Hungarian Kifli I

Laurie 0

"These cookies need time to make as the dough needs to cool and "rest" for several hours. They are worth the effort."

Ingredients {{adjustedServings}} servings 121 cals

Serving size has been adjusted!

Original recipe yields 36 servings



Amount per serving ({{servings}} total)

  • Calories:
  • 121 kcal
  • 6%
  • Fat:
  • 9.7 g
  • 15%
  • Carbs:
  • 6.7g
  • 2%
  • Protein:
  • 2.8 g
  • 6%
  • Cholesterol:
  • 14 mg
  • 5%
  • Sodium:
  • 65 mg
  • 3%

Based on a 2,000 calorie diet

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  1. In large bowl, beat together butter or margarine and cottage cheese til light and fluffy. Add flour until dough forms a ball.
  2. Divide dough into 3 equal portions. Wrap in plastic wrap and refrigerate until firm.
  3. Preheat oven to 375 degrees F (190 degrees C) and grease cookie sheets.
  4. To Make Filling: Combine egg whites, nuts, water, and ground cinammon. Mix well and set aside.
  5. On a floured surface roll 1 portion of dough into a 10 inch circle. Spread circle with 1/3 of the filling to within approximately 1/2 inch of the edge.
  6. Cut circle into 24 pie-shaped wedges. Beginning at outer edge roll up each wedge tightly. Place point side down on cookie sheet 1 1/2 inches apart. Bake 13-15 minutes or until golden (be sure to watch carefully as these cookies burn easily).
  7. Remove to rack to cool. Repeat process with each remaining portion of dough and filling.
Tips & Tricks

See how to make traditional rugelach with walnuts and raisins.

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Reviews 6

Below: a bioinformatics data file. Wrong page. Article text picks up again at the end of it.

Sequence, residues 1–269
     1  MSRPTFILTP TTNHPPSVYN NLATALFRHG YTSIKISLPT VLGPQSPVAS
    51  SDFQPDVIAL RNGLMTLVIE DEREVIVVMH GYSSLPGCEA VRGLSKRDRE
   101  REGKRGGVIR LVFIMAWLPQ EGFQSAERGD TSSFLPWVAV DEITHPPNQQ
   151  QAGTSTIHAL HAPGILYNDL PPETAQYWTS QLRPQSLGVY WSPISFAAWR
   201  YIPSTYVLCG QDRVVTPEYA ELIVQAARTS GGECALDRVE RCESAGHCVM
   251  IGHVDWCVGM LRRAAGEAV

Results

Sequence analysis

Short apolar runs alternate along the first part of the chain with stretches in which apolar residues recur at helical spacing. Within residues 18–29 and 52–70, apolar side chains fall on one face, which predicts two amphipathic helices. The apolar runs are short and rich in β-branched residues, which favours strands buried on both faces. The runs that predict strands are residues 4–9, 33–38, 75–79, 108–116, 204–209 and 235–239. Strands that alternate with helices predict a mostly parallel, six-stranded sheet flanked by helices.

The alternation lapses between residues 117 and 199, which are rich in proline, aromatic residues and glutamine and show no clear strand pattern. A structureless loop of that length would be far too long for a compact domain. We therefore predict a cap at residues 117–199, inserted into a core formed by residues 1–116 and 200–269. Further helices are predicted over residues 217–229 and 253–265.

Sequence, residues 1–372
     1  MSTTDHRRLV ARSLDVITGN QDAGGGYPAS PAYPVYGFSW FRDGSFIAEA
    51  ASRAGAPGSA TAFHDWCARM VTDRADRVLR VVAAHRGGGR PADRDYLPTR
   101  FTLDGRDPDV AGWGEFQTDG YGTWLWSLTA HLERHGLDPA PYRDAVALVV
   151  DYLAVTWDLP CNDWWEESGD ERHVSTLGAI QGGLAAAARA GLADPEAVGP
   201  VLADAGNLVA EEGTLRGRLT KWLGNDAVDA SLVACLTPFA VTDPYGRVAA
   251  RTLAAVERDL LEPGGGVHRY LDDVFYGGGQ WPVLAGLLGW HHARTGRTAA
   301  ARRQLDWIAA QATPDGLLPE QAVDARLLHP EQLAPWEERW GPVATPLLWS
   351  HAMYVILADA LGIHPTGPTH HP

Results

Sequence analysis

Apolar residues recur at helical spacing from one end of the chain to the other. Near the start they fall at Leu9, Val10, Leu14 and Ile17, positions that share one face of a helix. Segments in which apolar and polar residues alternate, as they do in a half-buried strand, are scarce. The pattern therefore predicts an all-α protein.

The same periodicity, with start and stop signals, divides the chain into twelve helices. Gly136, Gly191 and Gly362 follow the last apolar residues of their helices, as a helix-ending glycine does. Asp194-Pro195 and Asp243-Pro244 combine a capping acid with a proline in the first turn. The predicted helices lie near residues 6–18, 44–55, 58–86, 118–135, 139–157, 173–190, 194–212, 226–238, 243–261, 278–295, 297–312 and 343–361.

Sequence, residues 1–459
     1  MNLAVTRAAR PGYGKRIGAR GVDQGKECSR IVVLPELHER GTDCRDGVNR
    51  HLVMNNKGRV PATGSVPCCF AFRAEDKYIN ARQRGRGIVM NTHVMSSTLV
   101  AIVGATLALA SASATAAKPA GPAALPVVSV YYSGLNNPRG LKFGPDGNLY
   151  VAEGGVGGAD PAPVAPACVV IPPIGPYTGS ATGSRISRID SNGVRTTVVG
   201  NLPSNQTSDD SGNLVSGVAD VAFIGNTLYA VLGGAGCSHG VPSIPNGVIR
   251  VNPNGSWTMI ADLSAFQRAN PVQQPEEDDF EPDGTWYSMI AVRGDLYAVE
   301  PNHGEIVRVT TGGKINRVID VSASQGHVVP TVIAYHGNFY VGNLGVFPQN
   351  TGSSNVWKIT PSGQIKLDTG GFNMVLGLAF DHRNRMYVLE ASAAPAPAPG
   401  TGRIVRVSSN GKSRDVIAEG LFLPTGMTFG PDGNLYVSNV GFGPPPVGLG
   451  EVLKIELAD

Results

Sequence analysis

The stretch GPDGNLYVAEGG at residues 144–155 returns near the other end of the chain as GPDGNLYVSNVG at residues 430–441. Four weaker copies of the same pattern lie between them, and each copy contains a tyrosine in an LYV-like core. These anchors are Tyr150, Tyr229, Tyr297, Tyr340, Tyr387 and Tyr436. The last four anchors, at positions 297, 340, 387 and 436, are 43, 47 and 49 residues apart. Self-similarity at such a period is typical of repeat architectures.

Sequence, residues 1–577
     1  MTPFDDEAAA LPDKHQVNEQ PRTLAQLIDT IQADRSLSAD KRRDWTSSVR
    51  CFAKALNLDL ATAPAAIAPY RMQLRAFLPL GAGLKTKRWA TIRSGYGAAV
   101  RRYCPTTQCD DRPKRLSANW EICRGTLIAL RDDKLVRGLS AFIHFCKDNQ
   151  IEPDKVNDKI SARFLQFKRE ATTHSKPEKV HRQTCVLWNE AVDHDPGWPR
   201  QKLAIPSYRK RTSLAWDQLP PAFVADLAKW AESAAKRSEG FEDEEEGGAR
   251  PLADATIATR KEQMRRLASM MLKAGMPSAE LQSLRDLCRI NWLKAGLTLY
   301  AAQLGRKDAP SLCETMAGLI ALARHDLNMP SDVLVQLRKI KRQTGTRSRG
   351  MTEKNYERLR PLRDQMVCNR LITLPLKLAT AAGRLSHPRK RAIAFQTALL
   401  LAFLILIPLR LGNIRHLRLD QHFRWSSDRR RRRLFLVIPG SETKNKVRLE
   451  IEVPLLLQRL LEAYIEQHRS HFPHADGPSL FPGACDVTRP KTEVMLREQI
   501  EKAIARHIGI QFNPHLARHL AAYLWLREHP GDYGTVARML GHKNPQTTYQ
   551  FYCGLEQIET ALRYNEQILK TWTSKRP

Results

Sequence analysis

1. 9 Ratings


Don't add sugar to the filling in this recipe! Traditionally Hungarian Kifli is seved dusted with powdered sugar, or served with a small bowl of powdered sugar on the side to dip into. Allowing each person to create their own desired sweetness...just a tip.

Katheen D.

I agree with the poster below... DO NOT add sugar to the filling. It's not suppossed to be an overly sweet cookie, as to why it is dusted with powdered sugar. This is probalby the closest to my grandmother's recipe, but as any good Hungarian knows every family had thier own small spin on things. You can also add prune preserve or apricot preserve as a filling if walnuts are not your thing (or there is an allergy).


Great cookies.....but I agree with the reviewer below. You need to add at LEAST a 1/2 cup (or 1 cup) of sugar to make them taste good. Also, what I do, is roll, or sprinkle them with powdered sugar when still slightly warm. Maybe they are for diabetics, I dunno.....These have been part of my holiday cookie tray for 2 years now.....